Why mock coding interviews are important
There are skills you need to develop outside of textbooks and leetcode
tldr; Supplement your studying with mock interviews
Everyone knows that you need to know data structures and algorithms for coding interviews, but sometimes people neglect the other key skills required to landing the job. You can use mock interviews to develop most of these skills. In this post I’ll break down what these skills are and offer some guidance on how to get started with them.
Key skills to develop
A common thing that sinks interviews is getting nervous. When the nerves kick in, you don’t inspire confidence, your communication becomes muddled and it becomes harder to come up with the right solution.
Mock interviews get you used to the social pressure of figuring out a challenging coding problem in front of another human. After you conduct 5-10 of these and add some structure to how you digest problems, you will start to notice the nerves subsiding.
Getting stuck sucks. The feeling of not knowing what to do next in an interview can be handled in a few different ways. Unfortunately people tend to default to freezing up and getting nervous. In moments like this, it’s important to recognize you are stuck and to start asking questions to help clarify the problem. There is a lot to say on this topic, so I’ll be writing another article on this newsletter soon focused on it. For now, know that the more you practice mock interviews, the better you will handle that terrible feeling of getting stuck.
Explaining your thought process
You can quickly write down a 100% perfect algorithm to a difficult problem and still not get the job. Your interviewer is looking to see how well you explain your thought process. Thinking through ideas out loud is different than having lofi beats on and having space to skip steps in your head. Doing mock interviews will help you develop this muscle quickly.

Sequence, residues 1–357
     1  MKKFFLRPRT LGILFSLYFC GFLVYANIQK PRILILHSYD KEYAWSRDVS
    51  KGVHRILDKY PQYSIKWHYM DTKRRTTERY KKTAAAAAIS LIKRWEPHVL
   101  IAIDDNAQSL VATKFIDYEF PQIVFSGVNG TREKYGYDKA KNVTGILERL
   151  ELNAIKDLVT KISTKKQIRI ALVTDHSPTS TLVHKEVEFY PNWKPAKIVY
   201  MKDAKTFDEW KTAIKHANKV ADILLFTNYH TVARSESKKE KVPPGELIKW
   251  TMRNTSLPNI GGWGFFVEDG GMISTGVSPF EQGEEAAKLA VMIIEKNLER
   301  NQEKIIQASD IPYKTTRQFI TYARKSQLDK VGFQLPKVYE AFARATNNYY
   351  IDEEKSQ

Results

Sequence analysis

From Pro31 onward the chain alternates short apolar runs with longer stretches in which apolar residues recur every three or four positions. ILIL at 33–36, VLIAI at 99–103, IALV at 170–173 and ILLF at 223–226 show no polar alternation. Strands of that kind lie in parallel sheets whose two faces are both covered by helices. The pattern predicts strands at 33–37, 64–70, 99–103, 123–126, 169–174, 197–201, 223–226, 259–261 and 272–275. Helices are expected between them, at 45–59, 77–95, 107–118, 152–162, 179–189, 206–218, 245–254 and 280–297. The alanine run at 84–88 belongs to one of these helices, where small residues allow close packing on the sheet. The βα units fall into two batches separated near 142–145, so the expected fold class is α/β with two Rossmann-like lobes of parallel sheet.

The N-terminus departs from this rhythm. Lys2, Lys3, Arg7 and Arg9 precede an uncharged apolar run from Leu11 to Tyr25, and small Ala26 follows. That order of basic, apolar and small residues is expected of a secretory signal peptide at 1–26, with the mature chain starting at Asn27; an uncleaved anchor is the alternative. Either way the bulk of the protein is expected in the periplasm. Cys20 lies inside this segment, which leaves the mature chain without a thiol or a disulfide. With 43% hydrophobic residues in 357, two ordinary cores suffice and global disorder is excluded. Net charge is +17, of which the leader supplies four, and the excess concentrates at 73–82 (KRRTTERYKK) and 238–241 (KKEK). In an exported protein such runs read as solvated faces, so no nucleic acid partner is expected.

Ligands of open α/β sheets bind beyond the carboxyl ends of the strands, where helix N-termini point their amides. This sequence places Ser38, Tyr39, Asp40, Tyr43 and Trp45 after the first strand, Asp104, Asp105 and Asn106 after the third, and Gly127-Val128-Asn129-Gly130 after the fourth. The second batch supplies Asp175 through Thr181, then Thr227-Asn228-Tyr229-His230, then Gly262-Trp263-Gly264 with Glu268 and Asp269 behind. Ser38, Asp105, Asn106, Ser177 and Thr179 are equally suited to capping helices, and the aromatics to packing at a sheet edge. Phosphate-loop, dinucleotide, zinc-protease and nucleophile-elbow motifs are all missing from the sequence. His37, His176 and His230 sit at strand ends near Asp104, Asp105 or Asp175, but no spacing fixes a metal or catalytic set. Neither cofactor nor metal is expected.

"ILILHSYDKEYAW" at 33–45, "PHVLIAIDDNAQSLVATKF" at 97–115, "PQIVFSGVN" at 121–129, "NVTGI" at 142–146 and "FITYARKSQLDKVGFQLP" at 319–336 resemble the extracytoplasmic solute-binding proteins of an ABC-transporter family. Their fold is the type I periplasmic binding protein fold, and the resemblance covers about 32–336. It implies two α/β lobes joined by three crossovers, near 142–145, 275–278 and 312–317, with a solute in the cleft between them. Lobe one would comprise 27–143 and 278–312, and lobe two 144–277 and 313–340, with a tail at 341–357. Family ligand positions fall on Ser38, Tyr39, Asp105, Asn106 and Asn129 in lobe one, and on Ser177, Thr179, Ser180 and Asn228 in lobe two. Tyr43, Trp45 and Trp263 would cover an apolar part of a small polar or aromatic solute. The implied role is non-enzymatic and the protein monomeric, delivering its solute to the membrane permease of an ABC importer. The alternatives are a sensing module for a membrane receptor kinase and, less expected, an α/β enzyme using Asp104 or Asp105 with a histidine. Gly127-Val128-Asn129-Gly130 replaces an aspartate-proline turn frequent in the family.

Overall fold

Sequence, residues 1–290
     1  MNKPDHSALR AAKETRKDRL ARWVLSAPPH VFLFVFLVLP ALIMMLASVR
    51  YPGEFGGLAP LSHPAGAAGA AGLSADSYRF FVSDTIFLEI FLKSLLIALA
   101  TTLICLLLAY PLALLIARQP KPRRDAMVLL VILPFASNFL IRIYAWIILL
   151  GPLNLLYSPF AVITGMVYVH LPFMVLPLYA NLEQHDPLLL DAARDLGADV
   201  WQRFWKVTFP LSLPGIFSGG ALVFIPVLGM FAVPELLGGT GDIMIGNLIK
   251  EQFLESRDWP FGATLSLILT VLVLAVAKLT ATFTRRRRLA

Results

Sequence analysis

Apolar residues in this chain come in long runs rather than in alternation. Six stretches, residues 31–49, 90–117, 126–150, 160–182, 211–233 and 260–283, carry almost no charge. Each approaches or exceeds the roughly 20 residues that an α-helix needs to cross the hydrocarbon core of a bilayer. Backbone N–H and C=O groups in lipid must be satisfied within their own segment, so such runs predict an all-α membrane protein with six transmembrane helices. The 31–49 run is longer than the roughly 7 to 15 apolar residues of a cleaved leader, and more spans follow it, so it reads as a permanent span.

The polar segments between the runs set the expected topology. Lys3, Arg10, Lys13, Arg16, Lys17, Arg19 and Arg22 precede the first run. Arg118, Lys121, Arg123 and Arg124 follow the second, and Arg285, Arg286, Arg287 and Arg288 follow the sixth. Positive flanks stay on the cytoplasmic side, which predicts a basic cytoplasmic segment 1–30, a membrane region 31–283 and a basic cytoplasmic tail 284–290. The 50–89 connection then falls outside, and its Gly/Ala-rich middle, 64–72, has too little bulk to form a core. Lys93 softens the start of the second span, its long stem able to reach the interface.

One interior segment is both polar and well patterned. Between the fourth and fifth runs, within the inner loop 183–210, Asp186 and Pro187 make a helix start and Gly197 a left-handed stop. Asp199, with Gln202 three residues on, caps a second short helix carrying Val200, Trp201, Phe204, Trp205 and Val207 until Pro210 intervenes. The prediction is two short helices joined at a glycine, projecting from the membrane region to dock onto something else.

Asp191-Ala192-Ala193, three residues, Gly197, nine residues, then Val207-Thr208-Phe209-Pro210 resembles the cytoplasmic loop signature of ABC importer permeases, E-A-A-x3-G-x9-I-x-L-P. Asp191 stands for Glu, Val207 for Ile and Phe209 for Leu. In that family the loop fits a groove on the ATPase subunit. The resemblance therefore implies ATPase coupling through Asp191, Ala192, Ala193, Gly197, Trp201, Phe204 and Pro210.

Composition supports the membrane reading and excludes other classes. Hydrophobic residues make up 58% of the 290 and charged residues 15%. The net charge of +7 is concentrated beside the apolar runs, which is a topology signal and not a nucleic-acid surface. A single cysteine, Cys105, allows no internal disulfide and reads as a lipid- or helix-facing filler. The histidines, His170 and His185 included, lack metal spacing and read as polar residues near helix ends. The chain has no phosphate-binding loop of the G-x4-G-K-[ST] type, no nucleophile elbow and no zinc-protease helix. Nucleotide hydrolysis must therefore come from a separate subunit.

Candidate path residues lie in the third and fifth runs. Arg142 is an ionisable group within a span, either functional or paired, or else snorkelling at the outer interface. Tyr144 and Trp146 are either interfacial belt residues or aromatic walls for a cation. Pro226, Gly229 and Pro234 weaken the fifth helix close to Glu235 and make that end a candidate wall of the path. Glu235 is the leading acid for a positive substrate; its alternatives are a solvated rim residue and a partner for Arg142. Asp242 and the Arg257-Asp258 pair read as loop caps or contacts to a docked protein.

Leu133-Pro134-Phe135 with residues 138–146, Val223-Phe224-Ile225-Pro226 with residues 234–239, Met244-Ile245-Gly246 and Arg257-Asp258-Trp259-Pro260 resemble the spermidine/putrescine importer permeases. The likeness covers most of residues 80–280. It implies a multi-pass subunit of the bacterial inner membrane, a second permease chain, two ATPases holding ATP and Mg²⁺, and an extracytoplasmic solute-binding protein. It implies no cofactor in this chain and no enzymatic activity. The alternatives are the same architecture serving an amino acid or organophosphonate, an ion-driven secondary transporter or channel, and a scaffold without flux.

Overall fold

Hitting all of the key steps in the interview
You should be inspecting and reviewing every single programming interview you conduct. Inspecting is analyzing the problem at the top, reviewing is ensuring your work is correct after you think you are done coding. Leetcode questions don’t force you to write out your analysis of the problem and they don’t encourage you to manually test your work. Be sure to check all of the boxes in this rubric when conducting mock interviews to show your interviewer you are thorough in your work.
Handling combative interviewers
Sometimes it can feel like your interviewer is being aggressive, and it can really throw off your performance. Usually when you feel this, it doesn’t mean they hate you and that your interview is over. It just means that they are either looking for clarification or are prodding you in a certain direction. I’m not defending their behavior, I’m encouraging you to learn to handle different interviewer personalities by conducting lots of mock interviews.
Asking clarifying questions
When you are solving a problem on leetcode you can’t ask the computer any questions. Asking clarifying questions is super important skill to develop. Creating a dialogue with your interviewer keeps them engaged and makes them look at you like a peer if you are asking the right questions. I’m going to be writing another article on this topic specifically soon so keep an eye out. In the meantime know that having someone else on the other side of the call during mock interviews helps you develop this skill.
The goal here is to get you into a place where you feel comfortable in the worst case scenario. Imagine you are walking into Google, going through 4 or 5 technical interview, getting very difficult problems, getting stuck, and having interviewers who are not incredible communicators. You need to prepare for the worst and hope for the best.
To start, mock interviews are painful for lots of people(including me). You are more than likely to absolutely bomb your first 5. Remember: This is normal. After few mock interviews though, you will realize that you are getting more comfortable in the environment. You’ll be able to better articulate your thoughts, identify and handle different interviewer types, realize getting stuck is normal, ask intelligent clarifying questions, and remain composed when the nerves kick in.
Get your bad interviews out of the way in a mock setting so you can shine during the real thing.
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